“Plaintiffs’ lawyers are now seeking to use the VPPA to prevent companies from disclosing information relating to their viewing habits online,” Adam wrote.


With new capabilities comes the need for new regulations

Audrey also echoed Mike’s statement that we can expect to see more states rolling in comprehensive data privacy laws. She added that there is more knowledge that needs to be regulated. 

It’s no secret that data is rapidly increasing. In 2022 alone, the world will have produced and consumed 94 zettabytes — a staggering figure. We’ve also seen new capabilities in artificial intelligence and machine learning, ad tech, and more.

Audrey highlighted the importance of a privacy by design mindset when considering these new technologies.


“The technology is evolving and innovating, and people are finding interesting uses of it in order to tailor their offerings or to personalize their campaigns to reach specific audiences. We’re all going to have to be very careful of that.”

Audrey Jean, AARP

Certain capabilities like facial or fingerprint recognition could trigger specific statues in a way that was perhaps not contemplated at their inception, Audrey said.


The intersection of data privacy and ethics

Advancements in AI have spurred a number of ethical concerns related to the collection and analysis of massive data inventories used to train machine learning models.

Mike highlighted some of these issues concerning ingrained discriminatory biases relating to gender, race, etc., and why privacy professionals should take notice.


“Keep in mind all those kinds of broader ethical issues that may or may not overlap with your legal obligations.”

Mike Hintz, Hintze Law PLLC

Frankly, no company wants to serve as the poster child for unethical data usage. Mike said it’s important to consider your enterprise’s responsibility and understand and mitigate the potential impacts on vulnerable groups. 

The intersection of data privacy and ethics spans beyond new capabilities. Harriet also pointed out the recent Supreme Court decision to overturn Roe V. Wade and how it might create further evolution of common law of privacy in the U.S.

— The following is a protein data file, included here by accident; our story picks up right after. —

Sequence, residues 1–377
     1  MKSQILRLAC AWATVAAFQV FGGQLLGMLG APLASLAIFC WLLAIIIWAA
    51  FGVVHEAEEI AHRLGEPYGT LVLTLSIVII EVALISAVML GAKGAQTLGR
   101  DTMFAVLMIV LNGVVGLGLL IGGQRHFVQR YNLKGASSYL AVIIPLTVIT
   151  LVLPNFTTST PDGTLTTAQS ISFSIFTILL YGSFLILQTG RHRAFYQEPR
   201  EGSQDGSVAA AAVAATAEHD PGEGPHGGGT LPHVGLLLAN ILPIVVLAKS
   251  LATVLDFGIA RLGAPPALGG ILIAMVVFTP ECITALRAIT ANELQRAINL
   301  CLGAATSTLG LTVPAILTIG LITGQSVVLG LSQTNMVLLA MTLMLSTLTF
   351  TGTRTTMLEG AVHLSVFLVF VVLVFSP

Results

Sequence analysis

Employees will seek to avail themselves of certain reproductive rights which could create tension with state agencies who seek to collect that information to enforce their restrictions on those health services — privacy is caught somewhere in the middle. 

Harriet said, “It’s worth figuring out what those strategies are right alongside your compliance points.” 

A Bloomberg law article stated, “It remains largely unknown how law enforcement and state health oversight authorities may attempt to access data related to reproductive health or how those efforts might affect broader data privacy policies.”

As a result, it’s crucial for enterprises to increase their awareness of relevant laws and examine their internal policies concerning data collection, use, and privacy.


Avoid becoming an outlier

Enterprises are facing a Pandora’s box of privacy concerns and regulations. Harriet urged privacy leaders to ensure their enterprises are not perceived as outliers in their industries.


“Do not be the antelope that’s last in the herd waiting to be picked off.”

Harriet Pearson, Hogan Lovells

In an ever-evolving industry, Harriet said benchmarking is a crucial tool and gave a nod to the Data Privacy Board — the confidential membership community where privacy leaders at large enterprises can get trusted insights. 

She advised leaders to benchmark their policies and programs up against others in the industry to ensure they’re set up for success. 

“If you identify that you’re an outlier with respect to certain key practices, go back to management and make some raucous because that will elevate your risk,” Harriet said.